Speaking at a meeting between the farmers and the Biennial Report task force in Dodoma recently, the farmers said normally the amount of the budget allocated for agriculture does not trickle down as planned earlier.
Barton Mwidone from Makang’wa ward in Chamwino district in Dodoma said that experience shows that after the National Assembly had allocated the budget, some of the money ends up covering meetings and seminars, something that does not help intended farmers at the grassroots level.
He said that most farmers struggle to get agricultural inputs such as fertilizers, pesticides and extension advisory services while they are already budgeted for.
“There are several villages where there are no single extension officer and even those with extension officers are usually not in the office because they don’t have working tools such as bicycles for transport services,” he said.
In some villages, extension officers have turned acting village executive officers, forgetting their main role of serving agriculture,” he added.
Tatu Rajabu from Ilongelo village, Singida rural district called on the government to ensure it takes extension officers for fresher courses, training and further studies to update their knowledge and skills.
“You find that you have only one extension officer but he doesn’t have knowledge of the outbreak of the new pests and diseases affecting crops, this makes it very difficult to educate farmers on how to arrest the pests and diseases,” she said.
Sophia Bhoke from Buigiri, Chamwino wanted the government to provide soil testing kits so that smallholder farmers can understand oil status and what crop should be grown in that particular area.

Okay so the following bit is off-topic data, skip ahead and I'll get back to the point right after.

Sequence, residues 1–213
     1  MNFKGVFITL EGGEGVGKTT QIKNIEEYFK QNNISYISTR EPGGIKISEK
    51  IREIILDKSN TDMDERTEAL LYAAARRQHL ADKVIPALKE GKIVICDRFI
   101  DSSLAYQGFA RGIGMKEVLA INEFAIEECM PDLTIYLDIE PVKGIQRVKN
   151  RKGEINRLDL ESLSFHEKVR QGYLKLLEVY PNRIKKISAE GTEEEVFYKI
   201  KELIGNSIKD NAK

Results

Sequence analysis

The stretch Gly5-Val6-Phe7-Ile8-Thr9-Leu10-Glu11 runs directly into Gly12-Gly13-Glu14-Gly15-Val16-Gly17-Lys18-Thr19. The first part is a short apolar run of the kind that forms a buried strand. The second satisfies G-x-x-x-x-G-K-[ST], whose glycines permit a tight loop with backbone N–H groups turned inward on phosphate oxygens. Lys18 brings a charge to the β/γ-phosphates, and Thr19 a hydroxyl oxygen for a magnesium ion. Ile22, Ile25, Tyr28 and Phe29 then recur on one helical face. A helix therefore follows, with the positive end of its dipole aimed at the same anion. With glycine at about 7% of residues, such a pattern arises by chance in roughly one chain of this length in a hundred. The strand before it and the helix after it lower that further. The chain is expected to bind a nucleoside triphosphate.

“Weather forecast services are very important. Farmers are growing crops blindly without knowledge of the weather forecast of that particular area,” she said.
Msisi ward councilor in Singida district Emmanuel Sima explained that sunflower farmers in Singida are struggling to get traditional sunflower seeds because the new record hybrid doesn't produce better edible oil due to lack of modern processing machines that can perform double refinery.
Commenting on the Biennial Report on the implementation of the Malabo Declaration, Project Manager for scaling up public investment in agriculture which is under ActionAid Jorum Wimmo said that it is important that the government should work with smallholder farmers at the grassroots level so that the collected data can reflect the real situation on the ground.
He said it is necessary that the data and recommendations provided by the farmers be integrated into government policies, regulations and plans.
“Small holder farmers have many challenges, to address these challenges, the government need to directly convene meetings with them, listen, learn and integrate their needs into policies, plans and plans,” he said.
The 3rd Biennial Review (BR) Report is the powerful instrument for advocacy at the continental, regional and national level for triggering the necessary policy actions for agricultural transformation in Africa by 2025.
Throughout the process of BR process, members of the working groups including CSOs, and women farmers organizations conducting critical analysis to inputs the 3rd BR technical report. Therefore, ActionAid conducted value addition biennial toolkit to equip non-state actors with knowledge, analytical skills, monitoring and tracking and engage in the implementation of the CAADP Malabo Declaration.
The government said the budget has taken into consideration many challenges facing smallholder farmers. CAADP focal person in Tanzania Dainess Mtei from the Ministry of Agriculture said big part of the agricultural budget has been directed to improve extension advisory services.
She said all recommendations from the farmers and other stakeholders have been taken on board to enrich the Biennial Report on the implementation of the Malabo Declaration.